The following information is important for Friday, November 17:
The financial markets remained relatively quiet for a third consecutive Friday due to a lack of fundamental drivers. US economic data will include Housing Starts and Building Permits, while Eurostat will release revisions to the October Harmonized Index of Consumer Prices (HICP).
Despite the uninspiring data releases from the US on Thursday, the US Dollar (USD) struggled to build on Wednesday’s recovery gains. Initial jobless claims increased by 13,000 to 231,000 during the week ending November 11, and according to the Federal Reserve’s monthly report, industrial production declined by 0.6% in October after growing by 0.1% in September. While Wall Street’s main indexes closed virtually unchanged on Monday, the benchmark 10-year US Treasury bond yield dropped toward 4.4%.
Yesterday, the Euro (EUR) rose against its more risk-sensitive counterparts as market sentiment turned bearish.
A pullback in the US Dollar (USD) also helped to support the Euro since EUR and USD have a strong negative correlation.
In this morning’s interview with Bloomberg, European Central Bank (ECB) President Christine Lagarde is expected to make dovish comments and confirm a European inflation decline. Could she weigh heavily on EUR exchange rates if she makes dovish comments and confirms the sharp drop in inflation?
After Wednesday’s slower inflation report, Sterling (GBP) moved higher against its weaker rivals yesterday, recouping some of its losses.
As a result of Megan Greene’s hawkish comments, the British pound may have remained stable. Greene expressed concern about the persistence of UK inflation and delayed any rate reduction.
According to new data released this morning, retail sales in the UK fell by 0.3% last month, as opposed to a rise of the same amount. Sterling collapsed in response to the disappointing news.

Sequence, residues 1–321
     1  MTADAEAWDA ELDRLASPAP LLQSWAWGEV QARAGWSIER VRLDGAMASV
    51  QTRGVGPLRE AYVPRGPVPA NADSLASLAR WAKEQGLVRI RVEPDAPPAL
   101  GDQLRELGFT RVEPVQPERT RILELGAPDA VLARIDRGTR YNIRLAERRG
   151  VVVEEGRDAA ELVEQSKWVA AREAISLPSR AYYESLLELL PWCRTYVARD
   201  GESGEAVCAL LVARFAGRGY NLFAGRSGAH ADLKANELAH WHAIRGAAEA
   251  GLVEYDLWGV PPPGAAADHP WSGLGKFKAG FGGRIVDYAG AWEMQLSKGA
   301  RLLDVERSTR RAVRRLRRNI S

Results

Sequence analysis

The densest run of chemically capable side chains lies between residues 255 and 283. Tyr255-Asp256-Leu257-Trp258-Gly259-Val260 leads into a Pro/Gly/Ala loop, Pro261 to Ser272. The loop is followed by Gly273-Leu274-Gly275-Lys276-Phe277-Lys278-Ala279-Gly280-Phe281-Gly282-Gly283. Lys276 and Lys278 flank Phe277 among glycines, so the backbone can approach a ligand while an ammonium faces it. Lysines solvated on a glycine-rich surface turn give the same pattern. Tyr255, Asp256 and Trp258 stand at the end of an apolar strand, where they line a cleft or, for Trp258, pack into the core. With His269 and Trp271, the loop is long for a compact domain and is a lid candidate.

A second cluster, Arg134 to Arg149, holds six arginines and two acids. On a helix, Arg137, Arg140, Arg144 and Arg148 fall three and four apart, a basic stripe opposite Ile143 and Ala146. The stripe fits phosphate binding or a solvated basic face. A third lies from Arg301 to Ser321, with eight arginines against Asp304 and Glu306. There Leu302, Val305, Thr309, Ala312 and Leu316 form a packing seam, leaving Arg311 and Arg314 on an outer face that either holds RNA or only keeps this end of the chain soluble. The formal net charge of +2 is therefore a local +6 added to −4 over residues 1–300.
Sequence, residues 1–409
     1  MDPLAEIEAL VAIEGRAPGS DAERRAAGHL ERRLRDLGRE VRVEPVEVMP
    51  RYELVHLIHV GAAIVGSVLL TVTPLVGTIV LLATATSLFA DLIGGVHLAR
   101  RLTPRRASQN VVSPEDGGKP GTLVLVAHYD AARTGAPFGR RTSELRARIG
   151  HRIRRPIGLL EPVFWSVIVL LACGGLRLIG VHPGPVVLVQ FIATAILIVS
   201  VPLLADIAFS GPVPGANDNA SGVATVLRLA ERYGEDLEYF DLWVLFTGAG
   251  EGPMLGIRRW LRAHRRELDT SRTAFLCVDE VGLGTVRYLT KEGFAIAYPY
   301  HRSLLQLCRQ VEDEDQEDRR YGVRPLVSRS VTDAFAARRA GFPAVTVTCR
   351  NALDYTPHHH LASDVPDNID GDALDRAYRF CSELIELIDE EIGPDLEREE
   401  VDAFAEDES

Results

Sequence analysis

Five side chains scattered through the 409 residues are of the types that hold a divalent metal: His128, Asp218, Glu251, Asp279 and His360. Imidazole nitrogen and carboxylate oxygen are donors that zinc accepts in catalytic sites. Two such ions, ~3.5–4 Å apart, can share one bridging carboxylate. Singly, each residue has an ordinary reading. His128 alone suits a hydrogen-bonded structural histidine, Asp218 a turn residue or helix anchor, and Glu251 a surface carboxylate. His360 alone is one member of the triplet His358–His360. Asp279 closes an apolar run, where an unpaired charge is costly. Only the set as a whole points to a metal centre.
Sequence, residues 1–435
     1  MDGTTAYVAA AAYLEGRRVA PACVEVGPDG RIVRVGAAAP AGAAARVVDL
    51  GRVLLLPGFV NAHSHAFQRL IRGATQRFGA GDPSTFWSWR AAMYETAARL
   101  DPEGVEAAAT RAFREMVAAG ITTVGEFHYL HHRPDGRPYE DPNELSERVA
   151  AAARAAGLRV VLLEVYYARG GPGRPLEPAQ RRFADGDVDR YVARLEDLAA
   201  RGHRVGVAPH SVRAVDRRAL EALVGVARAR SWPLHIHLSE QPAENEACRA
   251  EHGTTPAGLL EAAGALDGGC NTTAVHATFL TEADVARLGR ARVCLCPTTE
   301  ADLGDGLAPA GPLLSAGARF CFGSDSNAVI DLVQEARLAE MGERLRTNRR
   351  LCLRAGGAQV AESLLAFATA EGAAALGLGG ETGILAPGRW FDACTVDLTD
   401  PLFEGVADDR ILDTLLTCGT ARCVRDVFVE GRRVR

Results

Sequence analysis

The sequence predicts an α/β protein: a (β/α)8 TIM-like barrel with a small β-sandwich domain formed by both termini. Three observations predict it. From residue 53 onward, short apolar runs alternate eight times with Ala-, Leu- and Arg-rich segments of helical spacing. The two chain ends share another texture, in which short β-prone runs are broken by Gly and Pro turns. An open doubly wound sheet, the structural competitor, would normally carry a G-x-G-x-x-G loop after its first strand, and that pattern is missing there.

Yesterday, a deterioration in market sentiment led to a reversal of gains in the safe-haven US Dollar.
As expected, US jobless claims and industrial production both surpassed expectations. Unemployment claims rose, and industrial production fell.
Several Fed officials, including Michael Barr and Austan Goolsbee, will be speaking today. Could a dovish consensus cause the USD to dwindle?
Due to continued Treasury yield declines, the pair has dropped below 150.00, its lowest level since last Monday. The 10-year bond yield is now down 6 basis points to 4.385%, dragging the dollar down as USD/JPY is the notable mover today, down over 100 points.
A sharp decline in oil prices yesterday contributed to the Canadian Dollar (CAD) decline.
Canadian Dollar exchange rates could be impacted by oil price dynamics today. If crude weakens further, the Canadian Dollar could become more vulnerable.
As a result of a lack of Australian data and a muted market mood last night, the Australian Dollar (AUD) trades in a narrow range.
As a result of a decline in some commodities important to the New Zealand economy, the New Zealand Dollar (NZD) declined overnight.